“Except as otherwise provided by law, a valid and final judgment is
conclusive between the same parties, except on appeal or other direct
review, to the following extent:
(1) If the judgment is in favor of the plaintiff, all causes of action existing at
the time of final judgment arising out of the transaction or occurrence
that is the subject matter of the litigation are extinguished and merged
in the judgment.
(3) A judgment in favor of either the plaintiff or the defendant is conclusive,
in any subsequent action between them, with respect to any issue
actually litigated and determined if its determination was essential to that
Louisiana courts have established that the following five elements must be
established for a finding that an action is precluded by res judicata: “(1) the judgment is
valid; (2) the judgment is final; (3) the parties are the same; (4) the cause or causes of
action asserted in the second suit existed at the time of final judgment in the first litigation;
and (5) the cause or causes of action asserted in the second suit arose out of the
transaction or occurrence that was the subject matter of the first litigation.” Chevron
U.S.A., Inc. v. State, 2007-2469 (La. 9/8/08), 993 So. 2d 187, 194.
A. RES JUDICATA
Plaintiffs do not dispute the settlement and judgment of the state court action was
a valid final judgment. See Record Document 24 at 7. Plaintiffs agree the vicarious liability
claim and negligent employment claim asserted against Petrohawk existed at the time of
the state court judgment and arise out of the same transaction or occurrence that was the
subject matter of the state court action. See id. Thus, four of the five res judicata factors
are present. The issue in this case is whether the instant action consists of the “same
parties” to the state court action. Plaintiffs are obviously the same in both cases. On the
other side of the case, the defendants in the 2014 state court action were Powell, R & S,
Zurich, and Princeton. The same defendants were not named in the instant action,
however, as Plaintiffs only named Petrohawk.
The preclusive effect of a judgment may bind nonparties who are deemed the
“privies” of the parties in these limited circumstances: (1) the nonparty is a successor in
interest of a party; (2) the nonparty controlled the prior litigation; or (3) the nonparty’s
interests were adequately represented by a party to the action who may be considered
the virtual representative of the nonparty because of the interests of the party and the
nonparty are so closely aligned. See Gilbert v. Visione, 30,204 (La.App. 2 Cir. 2/25/98),
708 So.2d 496. The concepts of control and virtual representation are narrowly construed.
See id. at 500.
The same parties test is satisfied when “the interests of the additional parties in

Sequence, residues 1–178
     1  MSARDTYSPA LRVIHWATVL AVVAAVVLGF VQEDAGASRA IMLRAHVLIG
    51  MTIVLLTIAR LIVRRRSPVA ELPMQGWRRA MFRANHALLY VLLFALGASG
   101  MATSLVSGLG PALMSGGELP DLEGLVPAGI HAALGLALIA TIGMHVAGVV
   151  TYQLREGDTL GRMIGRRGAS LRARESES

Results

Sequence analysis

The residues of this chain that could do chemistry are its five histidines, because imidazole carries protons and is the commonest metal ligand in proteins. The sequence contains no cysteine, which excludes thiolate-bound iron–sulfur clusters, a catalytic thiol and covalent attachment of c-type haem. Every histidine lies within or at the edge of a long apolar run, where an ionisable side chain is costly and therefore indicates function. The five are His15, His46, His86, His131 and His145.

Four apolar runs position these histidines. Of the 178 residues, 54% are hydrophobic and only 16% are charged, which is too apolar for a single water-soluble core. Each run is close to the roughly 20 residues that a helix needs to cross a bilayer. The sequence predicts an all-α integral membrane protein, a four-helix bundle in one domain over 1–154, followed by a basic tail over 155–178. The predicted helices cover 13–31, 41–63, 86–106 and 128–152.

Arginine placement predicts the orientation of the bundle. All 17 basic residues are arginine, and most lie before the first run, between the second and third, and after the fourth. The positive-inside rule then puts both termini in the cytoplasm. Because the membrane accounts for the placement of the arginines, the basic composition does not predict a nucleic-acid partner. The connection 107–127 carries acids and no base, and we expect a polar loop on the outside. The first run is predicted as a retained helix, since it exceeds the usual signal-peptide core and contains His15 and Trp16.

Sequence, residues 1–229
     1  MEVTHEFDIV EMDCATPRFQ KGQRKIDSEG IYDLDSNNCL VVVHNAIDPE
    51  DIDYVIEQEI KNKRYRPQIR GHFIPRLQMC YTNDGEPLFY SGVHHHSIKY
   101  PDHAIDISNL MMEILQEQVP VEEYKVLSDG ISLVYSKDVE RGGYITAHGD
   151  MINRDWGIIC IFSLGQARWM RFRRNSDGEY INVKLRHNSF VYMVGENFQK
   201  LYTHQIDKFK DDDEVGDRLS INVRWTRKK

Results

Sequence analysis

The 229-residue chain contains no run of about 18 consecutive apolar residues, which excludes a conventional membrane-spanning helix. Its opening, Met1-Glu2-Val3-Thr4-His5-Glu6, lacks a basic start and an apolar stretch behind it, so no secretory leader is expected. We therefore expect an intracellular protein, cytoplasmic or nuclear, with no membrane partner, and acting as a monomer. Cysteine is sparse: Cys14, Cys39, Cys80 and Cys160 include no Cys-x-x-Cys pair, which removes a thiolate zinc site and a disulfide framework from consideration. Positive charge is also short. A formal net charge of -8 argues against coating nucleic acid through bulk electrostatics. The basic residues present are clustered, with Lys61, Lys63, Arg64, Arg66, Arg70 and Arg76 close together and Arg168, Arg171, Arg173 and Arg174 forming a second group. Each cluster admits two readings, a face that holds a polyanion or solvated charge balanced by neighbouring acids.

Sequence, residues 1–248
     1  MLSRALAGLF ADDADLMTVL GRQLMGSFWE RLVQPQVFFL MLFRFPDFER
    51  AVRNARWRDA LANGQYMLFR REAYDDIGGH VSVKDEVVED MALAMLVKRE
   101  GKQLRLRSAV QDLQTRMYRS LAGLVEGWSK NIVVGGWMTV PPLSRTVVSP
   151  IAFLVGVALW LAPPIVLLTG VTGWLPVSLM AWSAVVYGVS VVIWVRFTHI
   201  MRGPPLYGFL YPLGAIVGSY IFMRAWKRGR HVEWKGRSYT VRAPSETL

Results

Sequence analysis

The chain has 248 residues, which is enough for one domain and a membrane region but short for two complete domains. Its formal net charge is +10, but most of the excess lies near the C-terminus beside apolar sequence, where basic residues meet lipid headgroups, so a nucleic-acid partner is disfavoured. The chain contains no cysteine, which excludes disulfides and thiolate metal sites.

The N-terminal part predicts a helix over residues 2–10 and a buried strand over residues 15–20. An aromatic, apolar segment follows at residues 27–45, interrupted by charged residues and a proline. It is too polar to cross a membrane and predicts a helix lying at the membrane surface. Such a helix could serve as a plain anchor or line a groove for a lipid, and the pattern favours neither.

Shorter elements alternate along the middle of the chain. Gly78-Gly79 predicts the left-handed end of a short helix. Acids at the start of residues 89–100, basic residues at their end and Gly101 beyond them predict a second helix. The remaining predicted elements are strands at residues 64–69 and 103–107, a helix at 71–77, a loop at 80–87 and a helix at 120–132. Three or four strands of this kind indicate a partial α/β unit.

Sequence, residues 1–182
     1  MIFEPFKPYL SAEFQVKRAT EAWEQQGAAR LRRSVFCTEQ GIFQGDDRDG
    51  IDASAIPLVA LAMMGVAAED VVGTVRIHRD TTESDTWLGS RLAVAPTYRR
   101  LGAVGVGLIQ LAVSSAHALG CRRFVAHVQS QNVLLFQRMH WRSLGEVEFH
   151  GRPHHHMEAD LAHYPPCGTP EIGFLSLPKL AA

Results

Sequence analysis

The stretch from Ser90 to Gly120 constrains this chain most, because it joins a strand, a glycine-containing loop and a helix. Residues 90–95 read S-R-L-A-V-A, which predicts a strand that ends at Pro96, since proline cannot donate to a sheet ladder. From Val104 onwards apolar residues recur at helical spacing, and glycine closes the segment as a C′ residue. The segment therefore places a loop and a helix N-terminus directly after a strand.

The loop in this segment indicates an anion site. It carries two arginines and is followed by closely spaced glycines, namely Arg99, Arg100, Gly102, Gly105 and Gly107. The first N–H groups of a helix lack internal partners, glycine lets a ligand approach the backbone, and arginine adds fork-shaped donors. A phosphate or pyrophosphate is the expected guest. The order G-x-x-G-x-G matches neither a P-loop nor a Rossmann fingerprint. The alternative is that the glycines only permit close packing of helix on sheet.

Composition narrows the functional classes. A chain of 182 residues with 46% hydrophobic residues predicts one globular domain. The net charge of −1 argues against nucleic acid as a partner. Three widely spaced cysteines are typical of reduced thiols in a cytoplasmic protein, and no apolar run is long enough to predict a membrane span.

the instant litigation…are closely aligned with the interests of the [named] parties in the
[prior] litigation.” Forum For Equal PAC v. McKeithen, 2004-2551 (La. 1/19/05); 893 So.2d
738, 745. The state court defendants refused to consent to Plaintiffs’ attempt to include a
reservation of rights clause against Petrohawk, specifically referring to Petrohawk in its
motion to enforce and at the hearing on the motion. State court defendants argued on
behalf of Petrohawk and were successful in securing its release of liability. This
successful attempt clearly shows the state court defendants’ interests were closely
aligned with Petrohawk. Petrohawk’s argument of its “closely aligned” interests with
Princeton, a state court defendant and insurer, is strengthened by the fact that Princeton
was brought into the instant litigation as a Third Party Defendant.
Petrohawk can also find privity in its relationship with Zurich and Princeton. An
insurer and its insured share the same quality as parties for purposes of res judicata. See
Hannie v. Wall, 569 So.2d 1044, 1050 (La. App. 3 Cir. 1990) (“For res judicata purposes,
the insured and the insurer not only share the same quality as parties, but in essence
their identities are virtually merged into one, to the extent of policy limits”). The Zurich
policy provides an omnibus definition of “insured,” and specifically includes “[a]nyone
liable for the conduct of an insured described above but only to the extent of that liability.”
Record Document 5 at 3. Petrohawk asserts that as a follow form excess policy, the
Princeton policy includes as insureds, “[a]ny person or organization (other than you)
included as an insured in the Scheduled Underlying Insurance but NOT for broader
coverage then is available to them under the Scheduled Underlying Insurance.” Id. at 4.
Thus, since Plaintiffs allege Petrohawk is vicariously liable for R & S’s conduct, it qualifies
as an insured under both the Zurich and Princeton policies. Since both Zurich and
Princeton were parties in the state court action, Petrohawk is found to be in privity.
Plaintiffs attempt to distinguish Hannie from the instant case by citing Rodriguez v.